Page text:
If You Eat Meat You Need To Know These 5 Facts
October 27, 2015
Meat is a product that requires a process before being marketed. Even before becoming meat, these sentient animals that are capable of a range of emotions, are provided chemicals and antibiotics.
Meat makes a long journey before being meticulously packaged into containers; a journey that begins with an animal hanging upside down, beheaded, and bleeding mercilessly.
Here are some facts you need to know before purchasing that package of meat.
1. How the process of natural putrefaction is slowed down.
When an animal is alive, their skin and intestines work as a barrier against bacteria. Any microbe that crosses these barriers is eliminated. However, when they die, microbes can penetrate the skin and intestines colonizing the lifeless tissue. The moment a butcher opens an animal that is already dead, the first path that allows contaminants appears.
Under stress, the animal’s immune system is weakened and some intestinal microorganisms can penetrate the intestinal barrier and reach organs or tissues. Some of them have a high probability to produce toxins or cause infections in people. Also, fresh or refrigerated meat has a high water content and this environment is very suitable for the growth of microorganisms. When they open the dead animal’s carcass, the esophagus and intestines have to be linked in order to avoid intestinal contents that can contaminate meat. But the pace of the slaughterhouses is so fast that this operation is not always done properly.
2. The meat on your fork may have been dead for up to 3 weeks
After the animal’s death, the “rigor mortis," which tightens the meat, begins to manifest. This natural phenomenon takes up to 72 hours to disappear, depending on the animal. While this happens, the lifeless body of the animal remains in the refrigerator. The animals are hung upside down so that gravity drains the blood that may still be in their viscera.
Most of the meat nowadays takes 4 to 10 days from the time the animal is slaughtered until it reaches the market to be sold. In this period, muscles make the transformation into what we know as meat. This period is known as the “maturation time”.
In veal, however, the maturation time lasts from 1 to 3 weeks.
3. We feed the animals blood.
What about all that blood that is shed inside slaughterhouses? It can take up to six minutes for an animal to bleed in agony until he finally dies. But where does their blood go?
Blood is usually collected in an industrial container. From there, it goes to a warehouse for processing in order to produce fertilizers or food; food we feed the herbivores that we eat later on.
4. Saturating animals with drugs that are later concentrated in their flesh.
Nowadays, more antibiotics are being used in veterinary medicine. On average, to produce 2.20 pounds of meat in Europe, 100 mg of antimicrobials are used. And while reliable data for antimicrobial dosage is not publicly available for the United States, in a 2000 Animal Health Institute survey "17.8 million pounds of antimicrobials were used in animal production in 1998—14.7 million pounds (83%) for prevention and treatment of disease, and 3.1 million pounds (17%) for growth promotion."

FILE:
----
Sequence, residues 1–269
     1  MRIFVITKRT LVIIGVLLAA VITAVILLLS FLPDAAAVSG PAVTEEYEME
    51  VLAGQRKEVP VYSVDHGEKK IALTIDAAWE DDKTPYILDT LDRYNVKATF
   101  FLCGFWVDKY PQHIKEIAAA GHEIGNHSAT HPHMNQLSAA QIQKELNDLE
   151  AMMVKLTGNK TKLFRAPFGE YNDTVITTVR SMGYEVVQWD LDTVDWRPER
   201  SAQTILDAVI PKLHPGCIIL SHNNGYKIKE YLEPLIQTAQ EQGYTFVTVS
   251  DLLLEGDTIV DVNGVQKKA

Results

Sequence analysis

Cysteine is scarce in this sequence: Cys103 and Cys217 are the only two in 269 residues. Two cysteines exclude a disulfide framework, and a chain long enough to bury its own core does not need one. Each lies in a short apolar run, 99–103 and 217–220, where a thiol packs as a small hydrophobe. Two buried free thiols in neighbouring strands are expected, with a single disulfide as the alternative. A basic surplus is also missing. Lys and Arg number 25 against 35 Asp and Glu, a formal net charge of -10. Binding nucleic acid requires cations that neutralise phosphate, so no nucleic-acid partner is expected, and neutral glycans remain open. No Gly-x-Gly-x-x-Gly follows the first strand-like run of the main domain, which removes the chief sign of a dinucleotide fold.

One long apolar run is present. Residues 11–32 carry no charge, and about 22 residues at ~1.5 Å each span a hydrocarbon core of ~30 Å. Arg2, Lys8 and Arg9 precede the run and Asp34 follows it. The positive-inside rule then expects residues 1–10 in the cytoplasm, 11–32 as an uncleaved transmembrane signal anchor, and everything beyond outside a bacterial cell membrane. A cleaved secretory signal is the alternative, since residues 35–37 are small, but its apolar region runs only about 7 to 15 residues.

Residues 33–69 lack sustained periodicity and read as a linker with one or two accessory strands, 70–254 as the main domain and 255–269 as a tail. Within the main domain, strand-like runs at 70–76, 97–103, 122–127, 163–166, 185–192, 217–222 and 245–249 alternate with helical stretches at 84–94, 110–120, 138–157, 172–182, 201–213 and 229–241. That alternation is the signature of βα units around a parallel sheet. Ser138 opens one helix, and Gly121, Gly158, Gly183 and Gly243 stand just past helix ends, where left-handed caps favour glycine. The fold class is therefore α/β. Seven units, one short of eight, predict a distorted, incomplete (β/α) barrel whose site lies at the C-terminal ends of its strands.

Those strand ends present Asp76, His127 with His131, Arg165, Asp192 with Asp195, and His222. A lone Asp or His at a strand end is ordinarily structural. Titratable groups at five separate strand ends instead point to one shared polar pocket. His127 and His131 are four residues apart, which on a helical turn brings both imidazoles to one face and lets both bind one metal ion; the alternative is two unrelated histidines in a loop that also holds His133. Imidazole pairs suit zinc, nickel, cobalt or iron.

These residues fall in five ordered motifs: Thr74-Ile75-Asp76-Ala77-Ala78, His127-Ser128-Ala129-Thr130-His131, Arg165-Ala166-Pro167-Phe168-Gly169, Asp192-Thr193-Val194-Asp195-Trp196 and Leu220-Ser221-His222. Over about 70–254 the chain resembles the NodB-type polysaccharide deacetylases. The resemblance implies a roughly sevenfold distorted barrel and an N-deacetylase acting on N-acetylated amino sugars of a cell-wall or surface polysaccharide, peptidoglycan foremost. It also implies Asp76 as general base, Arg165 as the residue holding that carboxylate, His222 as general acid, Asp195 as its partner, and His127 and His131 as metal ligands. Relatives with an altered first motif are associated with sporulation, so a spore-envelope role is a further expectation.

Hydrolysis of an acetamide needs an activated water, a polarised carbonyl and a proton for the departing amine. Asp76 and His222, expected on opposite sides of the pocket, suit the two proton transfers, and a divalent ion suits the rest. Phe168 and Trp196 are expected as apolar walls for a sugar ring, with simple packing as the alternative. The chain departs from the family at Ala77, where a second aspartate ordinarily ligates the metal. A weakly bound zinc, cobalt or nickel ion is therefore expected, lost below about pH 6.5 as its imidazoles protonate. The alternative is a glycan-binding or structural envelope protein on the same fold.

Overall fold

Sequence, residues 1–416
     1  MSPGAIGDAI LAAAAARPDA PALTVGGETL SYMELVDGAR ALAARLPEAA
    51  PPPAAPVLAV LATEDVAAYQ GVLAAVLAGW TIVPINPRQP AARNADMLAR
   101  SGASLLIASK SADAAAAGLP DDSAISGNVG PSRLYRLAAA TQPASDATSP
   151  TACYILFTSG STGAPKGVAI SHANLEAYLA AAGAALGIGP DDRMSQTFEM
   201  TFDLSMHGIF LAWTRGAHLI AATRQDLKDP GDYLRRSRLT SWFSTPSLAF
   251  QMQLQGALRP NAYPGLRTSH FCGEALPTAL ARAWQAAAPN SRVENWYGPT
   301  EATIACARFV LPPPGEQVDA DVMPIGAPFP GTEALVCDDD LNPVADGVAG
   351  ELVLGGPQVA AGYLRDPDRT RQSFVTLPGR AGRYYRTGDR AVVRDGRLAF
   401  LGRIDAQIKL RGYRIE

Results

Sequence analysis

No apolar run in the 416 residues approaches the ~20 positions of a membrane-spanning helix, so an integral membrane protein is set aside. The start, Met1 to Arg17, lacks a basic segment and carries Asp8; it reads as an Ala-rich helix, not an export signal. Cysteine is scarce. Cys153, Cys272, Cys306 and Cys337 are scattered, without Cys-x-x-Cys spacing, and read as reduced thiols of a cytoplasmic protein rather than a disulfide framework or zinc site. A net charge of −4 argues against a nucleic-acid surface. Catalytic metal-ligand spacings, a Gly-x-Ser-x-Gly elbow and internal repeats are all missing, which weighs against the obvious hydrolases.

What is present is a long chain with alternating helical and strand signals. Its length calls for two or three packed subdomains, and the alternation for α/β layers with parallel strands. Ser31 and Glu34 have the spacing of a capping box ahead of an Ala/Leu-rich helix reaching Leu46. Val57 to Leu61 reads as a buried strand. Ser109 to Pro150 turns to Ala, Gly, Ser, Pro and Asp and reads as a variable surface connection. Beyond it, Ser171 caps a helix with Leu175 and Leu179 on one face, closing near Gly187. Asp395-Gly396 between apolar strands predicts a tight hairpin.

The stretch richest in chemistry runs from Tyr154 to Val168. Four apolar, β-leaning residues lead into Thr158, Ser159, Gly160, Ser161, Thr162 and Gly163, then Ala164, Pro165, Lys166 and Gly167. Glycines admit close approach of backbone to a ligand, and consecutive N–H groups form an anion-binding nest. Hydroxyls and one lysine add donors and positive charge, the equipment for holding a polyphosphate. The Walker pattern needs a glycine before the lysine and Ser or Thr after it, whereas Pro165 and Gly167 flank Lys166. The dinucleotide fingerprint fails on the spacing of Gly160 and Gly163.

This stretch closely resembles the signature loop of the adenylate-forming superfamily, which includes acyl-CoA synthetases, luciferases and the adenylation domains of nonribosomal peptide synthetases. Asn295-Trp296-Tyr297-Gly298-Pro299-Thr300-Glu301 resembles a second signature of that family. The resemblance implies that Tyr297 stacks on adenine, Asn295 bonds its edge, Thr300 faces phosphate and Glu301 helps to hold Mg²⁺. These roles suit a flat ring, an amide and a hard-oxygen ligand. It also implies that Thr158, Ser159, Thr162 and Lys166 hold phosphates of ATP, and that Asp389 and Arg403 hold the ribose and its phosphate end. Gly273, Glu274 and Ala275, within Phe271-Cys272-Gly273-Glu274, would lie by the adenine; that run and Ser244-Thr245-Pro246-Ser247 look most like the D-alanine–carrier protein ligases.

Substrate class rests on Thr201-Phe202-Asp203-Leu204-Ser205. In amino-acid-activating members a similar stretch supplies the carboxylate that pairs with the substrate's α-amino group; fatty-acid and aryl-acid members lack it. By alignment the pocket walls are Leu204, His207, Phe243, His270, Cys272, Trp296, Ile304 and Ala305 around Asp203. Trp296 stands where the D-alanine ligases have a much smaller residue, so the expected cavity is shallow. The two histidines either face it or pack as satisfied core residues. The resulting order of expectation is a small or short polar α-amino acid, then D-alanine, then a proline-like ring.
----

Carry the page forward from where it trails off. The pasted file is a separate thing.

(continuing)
Some drugs used to treat diseases in humans are widely used in healthy animals as mere prevention. There is little to no individual veterinary care on factory farms, so the way to deliver the antibiotics is often through food and water, even if they are healthy animals.
This problem arose in the 50’s, when they believed that using a low dose of antibiotics in the food and water fed to healthy birds, cows and pigs would speed up their growth; this idea was widespread in some countries. This way they also avoided infections caused by overcrowding in unsanitary facilities, however, this leads to many more problems.
Because of such abuse, animals’ immune resistance to some human diseases has skyrocketed. According to experts of the World Health Organization, it is possible that strains of bacteria with resistant genes can be transferred from animals to humans through food.
An estimated 80 percent of antibiotics used in the United States are intended to treat animals for fattening, not to cure human infections. In this country, it is legal to use hormones to accelerate animal growth.
5. The meat your dog eats and in your hamburger may come from a paste of waste.
The meat is classified as either “fresh” or “processed”. "Fresh meat" is meat in large pieces or whole bodies. The "processed meat" is used as an ingredient in other products; this includes meat in dog food, hamburgers, nuggets, etc.
This processed meat results in a reddish paste, with which hot dog sausages are made, for example. It can also lead to a product known as “ground beef" that can be used to make such foods as hamburgers.
Currently in the United States, processed meat can be produced from poultry and pork, but you never know how much of each is in the food.